General articles from peer-reviewed journals from around the world on pollution and its effects on health.
Mapping Global Environmental Lead Poisoning in Children
Date: Nov 2011
Description: Despite global efforts to reduce children’s environmental lead exposure over the past several decades, lead exposure in heavily contaminated areas, or hotspots, is still an urgent public health concern in many parts of the world.1-2 The World Health Organization (WHO) Global Burden of Disease Study Lead Working Group estimated that lead-associated mild mental retardation and cardiovascular diseases account for 0.9% of the global burden of disease. This estimate excludes hotspot exposures, however, because data from such sites is not available in all cases, and the number of children living in hotspots is unknown. Hotspots have higher environmental lead levels than the general environment and so have the potential to cause severe lead poisoning in young children, sometimes leading to mortality.
Innovative Technologies for Sustainable Environmental Remediation in Poor and Middle Income Countries
Date: June 2012
Description: Recent research has identified more than 2,000 locations in 47 poor and middle income countries where people are exposed to toxins at dangerous levels. This is conservatively estimated to adversely affect the health of over 70 million people. The actual number of such sites is unknown, but is undoubtedly much greater. Reducing toxins at these sites to safe levels would improve the health of thousands, perhaps millions, of people and save many lives. Although conventional approaches to contaminated site remediation can often be technologically complex and expensive, there are innovative and emerging technologies that are much simpler and less costly to implement, yet can, in the right circumstances, achieve equivalent results. The
widespread use of such technologies could speed much needed remediation of toxic sites in poor and middle income countries.
The burden of disease from pediatric lead exposure at hazardous waste sites in 7 Asian countries
Date: June 2012
Description: Identification and systematic assessment of hazardous wastes sites in low and middle-income countries has lagged. Hazardous waste problems are especially severe in lower income Asian countries where environmental regulations are non-existent, nonspecific or poorly enforced. In these countries extensive unregulated industrial development has created waste sites in densely populated urban areas. These sites appear to pose significant risks to public health, and especially to the health of children.
To assess potential health risks from chemical contamination at hazardous waste sites in Asia, we assessed 679 sites. A total of 169 sites in 7 countries were classified as contaminated by lead. Eighty-two of these sites contained lead at levels high enough to produce elevated blood lead levels in surrounding populations.
To estimate the burden of pediatric lead poisoning associated with exposure to lead in soil and water at these 82 lead-contaminated sites, we used standard toxicokinetic models that relate levels of lead in soil and water to blood lead levels in children. We calculated blood lead levels, and we quantified losses of intelligence (reductions in IQ scores) that were attributable to lead exposure at these sites.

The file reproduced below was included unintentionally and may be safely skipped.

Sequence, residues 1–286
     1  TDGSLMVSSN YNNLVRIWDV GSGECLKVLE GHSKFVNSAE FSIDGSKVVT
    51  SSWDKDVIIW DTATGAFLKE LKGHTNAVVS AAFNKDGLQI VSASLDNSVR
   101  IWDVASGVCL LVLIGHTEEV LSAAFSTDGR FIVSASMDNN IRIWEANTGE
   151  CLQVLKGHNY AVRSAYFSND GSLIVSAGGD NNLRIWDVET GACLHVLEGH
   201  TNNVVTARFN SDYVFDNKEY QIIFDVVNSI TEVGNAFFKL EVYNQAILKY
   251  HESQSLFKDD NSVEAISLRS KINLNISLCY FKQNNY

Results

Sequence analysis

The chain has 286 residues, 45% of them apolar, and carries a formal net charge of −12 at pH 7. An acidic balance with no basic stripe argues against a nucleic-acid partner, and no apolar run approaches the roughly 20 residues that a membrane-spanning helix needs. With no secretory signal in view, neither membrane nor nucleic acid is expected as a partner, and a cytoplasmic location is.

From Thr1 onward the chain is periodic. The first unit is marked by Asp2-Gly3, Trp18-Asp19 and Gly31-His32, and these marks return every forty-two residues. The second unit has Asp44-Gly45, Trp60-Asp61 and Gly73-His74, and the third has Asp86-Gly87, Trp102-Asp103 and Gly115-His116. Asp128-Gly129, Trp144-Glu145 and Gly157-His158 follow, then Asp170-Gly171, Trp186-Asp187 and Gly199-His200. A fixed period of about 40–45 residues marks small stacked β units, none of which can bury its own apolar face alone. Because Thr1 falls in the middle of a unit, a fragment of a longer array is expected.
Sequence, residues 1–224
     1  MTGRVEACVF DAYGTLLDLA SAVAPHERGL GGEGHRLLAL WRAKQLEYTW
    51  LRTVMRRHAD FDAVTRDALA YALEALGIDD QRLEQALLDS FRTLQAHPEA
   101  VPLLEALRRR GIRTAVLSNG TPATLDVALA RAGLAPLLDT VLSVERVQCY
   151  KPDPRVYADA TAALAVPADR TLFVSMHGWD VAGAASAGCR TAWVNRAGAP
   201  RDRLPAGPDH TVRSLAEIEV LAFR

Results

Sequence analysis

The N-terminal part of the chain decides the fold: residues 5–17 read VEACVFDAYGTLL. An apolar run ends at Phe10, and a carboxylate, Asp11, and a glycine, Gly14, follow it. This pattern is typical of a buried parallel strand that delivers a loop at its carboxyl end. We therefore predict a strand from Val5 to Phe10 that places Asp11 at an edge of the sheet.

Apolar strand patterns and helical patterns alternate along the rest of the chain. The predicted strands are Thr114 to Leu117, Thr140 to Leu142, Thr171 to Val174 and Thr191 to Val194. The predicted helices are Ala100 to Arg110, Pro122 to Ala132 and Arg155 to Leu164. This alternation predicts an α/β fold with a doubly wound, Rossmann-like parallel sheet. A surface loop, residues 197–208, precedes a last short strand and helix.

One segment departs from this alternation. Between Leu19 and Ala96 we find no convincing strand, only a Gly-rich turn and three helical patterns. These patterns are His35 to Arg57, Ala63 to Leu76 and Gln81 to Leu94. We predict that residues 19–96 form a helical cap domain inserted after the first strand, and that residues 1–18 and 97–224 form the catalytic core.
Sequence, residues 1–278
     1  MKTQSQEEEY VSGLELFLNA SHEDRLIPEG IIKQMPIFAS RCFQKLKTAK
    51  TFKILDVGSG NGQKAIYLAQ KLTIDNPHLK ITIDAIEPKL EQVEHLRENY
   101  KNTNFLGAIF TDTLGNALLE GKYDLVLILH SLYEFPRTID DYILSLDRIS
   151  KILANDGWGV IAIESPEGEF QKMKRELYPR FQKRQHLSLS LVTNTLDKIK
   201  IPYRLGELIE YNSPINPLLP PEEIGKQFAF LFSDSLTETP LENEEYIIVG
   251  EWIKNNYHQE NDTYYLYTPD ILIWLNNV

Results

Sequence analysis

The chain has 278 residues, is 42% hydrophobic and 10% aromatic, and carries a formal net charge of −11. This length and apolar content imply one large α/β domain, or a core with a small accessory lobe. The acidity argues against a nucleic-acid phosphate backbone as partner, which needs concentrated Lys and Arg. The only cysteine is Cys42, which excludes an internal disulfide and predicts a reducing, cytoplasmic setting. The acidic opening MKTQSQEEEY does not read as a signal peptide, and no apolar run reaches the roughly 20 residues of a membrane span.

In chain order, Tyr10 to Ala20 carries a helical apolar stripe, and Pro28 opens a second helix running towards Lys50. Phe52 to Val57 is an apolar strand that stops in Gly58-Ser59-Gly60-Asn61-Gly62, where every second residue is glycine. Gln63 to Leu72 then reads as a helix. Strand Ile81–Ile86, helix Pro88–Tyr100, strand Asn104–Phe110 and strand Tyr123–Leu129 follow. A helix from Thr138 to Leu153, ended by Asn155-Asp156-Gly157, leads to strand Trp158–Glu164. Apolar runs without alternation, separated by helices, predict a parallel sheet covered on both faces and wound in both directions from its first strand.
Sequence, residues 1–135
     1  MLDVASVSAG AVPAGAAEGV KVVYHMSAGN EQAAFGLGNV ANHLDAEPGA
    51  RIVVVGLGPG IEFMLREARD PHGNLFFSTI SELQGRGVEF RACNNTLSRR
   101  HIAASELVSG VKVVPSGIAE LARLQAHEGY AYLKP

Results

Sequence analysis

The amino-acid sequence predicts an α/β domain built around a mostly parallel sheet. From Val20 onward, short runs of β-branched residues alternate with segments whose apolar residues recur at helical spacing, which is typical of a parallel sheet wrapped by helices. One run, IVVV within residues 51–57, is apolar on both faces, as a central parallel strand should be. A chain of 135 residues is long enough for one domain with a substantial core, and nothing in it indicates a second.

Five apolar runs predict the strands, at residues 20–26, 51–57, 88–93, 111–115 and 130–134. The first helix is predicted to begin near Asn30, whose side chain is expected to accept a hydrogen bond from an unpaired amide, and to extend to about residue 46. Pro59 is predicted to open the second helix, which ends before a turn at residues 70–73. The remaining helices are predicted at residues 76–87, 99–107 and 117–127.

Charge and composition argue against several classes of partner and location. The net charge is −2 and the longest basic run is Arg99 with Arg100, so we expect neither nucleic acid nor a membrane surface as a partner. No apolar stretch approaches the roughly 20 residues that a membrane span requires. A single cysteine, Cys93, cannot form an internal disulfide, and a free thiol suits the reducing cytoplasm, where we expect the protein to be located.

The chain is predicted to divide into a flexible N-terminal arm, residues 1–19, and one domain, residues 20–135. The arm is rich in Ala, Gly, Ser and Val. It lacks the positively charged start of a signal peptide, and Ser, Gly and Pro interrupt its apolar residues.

We found that 189,725 children in the 7 countries are at risk of diminished intelligence as a consequence of exposure to elevated levels of lead in water and soil at hazardous waste sites. Depending on choice of model, these decrements ranged from 4.94 to 14.96 IQ points. Given the restricted scope of this survey and the conservative estimation procedures employed, this number is almost certainly an underestimate of the full burden of disease.
Exposure to toxic chemicals from hazardous waste sites is an important and heretofore insufficiently examined contributor to the Global Burden of Disease.
A Comparison of Burden of Disease from Toxic Waste Sites with other Recognized Public Health Threats in India, Indonesia and the Philippines
Date: October 2014
Burden of Disease from Toxic Waste Sites in India, Indonesia and the Philippines in 2010
Date: May 2013
Description: Toxic waste sites are responsible for a significant burden of disease in low and middle-income countries. Although some factors, such as unidentified and unscreened sites, may cause our estimate to be an under estimate of the actual burden of disease, other factors, such as extrapolation of environmental sampling to the entire exposed population, may result in an over estimate of the burden of disease attributable to these sites. Toxic waste sites are a major, and heretofore under recognized, global health problem.
WHO: Health Impacts of Chemicals
Description: World Health Organization's International Programme on Chemical Safety
Knowns And Unknowns On Burden Of Disease Due To Chemicals: A Systematic Review
Author: Annette Prüss-Ustün, Carolyn Vickers, Pascal Haefliger, Roberto Bertollini
Date: February 2013
Description: Continuous exposure to many chemicals, including through air, water, food, or other media and products results in health impacts which have been well assessed, however little is known about the total disease burden related to chemicals. This is important to know for overall policy actions and priorities. In this article the known burden related to selected chemicals or their mixtures, main data gaps, and the link to public health policy are reviewed.